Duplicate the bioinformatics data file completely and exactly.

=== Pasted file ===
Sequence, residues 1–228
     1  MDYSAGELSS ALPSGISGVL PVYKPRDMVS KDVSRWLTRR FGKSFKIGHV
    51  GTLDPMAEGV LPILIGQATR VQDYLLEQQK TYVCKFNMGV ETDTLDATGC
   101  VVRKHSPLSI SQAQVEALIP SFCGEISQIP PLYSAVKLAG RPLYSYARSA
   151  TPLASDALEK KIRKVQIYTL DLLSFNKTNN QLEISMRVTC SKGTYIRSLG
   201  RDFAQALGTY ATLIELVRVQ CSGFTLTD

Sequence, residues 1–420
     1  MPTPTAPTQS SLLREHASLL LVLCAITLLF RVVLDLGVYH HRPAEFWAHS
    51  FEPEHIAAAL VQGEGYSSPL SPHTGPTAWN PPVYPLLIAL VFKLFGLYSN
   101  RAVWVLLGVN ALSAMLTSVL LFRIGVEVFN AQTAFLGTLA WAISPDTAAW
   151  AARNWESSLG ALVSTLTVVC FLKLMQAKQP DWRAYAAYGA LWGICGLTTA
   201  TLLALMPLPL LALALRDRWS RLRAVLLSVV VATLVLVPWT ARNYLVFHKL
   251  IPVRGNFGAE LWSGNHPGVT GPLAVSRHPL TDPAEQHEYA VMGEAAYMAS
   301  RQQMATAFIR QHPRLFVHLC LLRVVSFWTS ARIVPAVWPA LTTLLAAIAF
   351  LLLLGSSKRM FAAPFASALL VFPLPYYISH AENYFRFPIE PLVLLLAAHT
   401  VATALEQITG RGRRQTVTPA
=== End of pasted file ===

Sequence, residues 1–228
     1  MDYSAGELSS ALPSGISGVL PVYKPRDMVS KDVSRWLTRR FGKSFKIGHV
    51  GTLDPMAEGV LPILIGQATR VQDYLLEQQK TYVCKFNMGV ETDTLDATGC
   101  VVRKHSPLSI SQAQVEALIP SFCGEISQIP PLYSAVKLAG RPLYSYARSA
   151  TPLASDALEK KIRKVQIYTL DLLSFNKTNN QLEISMRVTC SKGTYIRSLG
   201  RDFAQALGTY ATLIELVRVQ CSGFTLTD

Sequence, residues 1–420
     1  MPTPTAPTQS SLLREHASLL LVLCAITLLF RVVLDLGVYH HRPAEFWAHS
    51  FEPEHIAAAL VQGEGYSSPL SPHTGPTAWN PPVYPLLIAL VFKLFGLYSN
   101  RAVWVLLGVN ALSAMLTSVL LFRIGVEVFN AQTAFLGTLA WAISPDTAAW
   151  AARNWESSLG ALVSTLTVVC FLKLMQAKQP DWRAYAAYGA LWGICGLTTA
   201  TLLALMPLPL LALALRDRWS RLRAVLLSVV VATLVLVPWT ARNYLVFHKL
   251  IPVRGNFGAE LWSGNHPGVT GPLAVSRHPL TDPAEQHEYA VMGEAAYMAS
   301  RQQMATAFIR QHPRLFVHLC LLRVVSFWTS ARIVPAVWPA LTTLLAAIAF
   351  LLLLGSSKRM FAAPFASALL VFPLPYYISH AENYFRFPIE PLVLLLAAHT
   401  VATALEQITG RGRRQTVTPA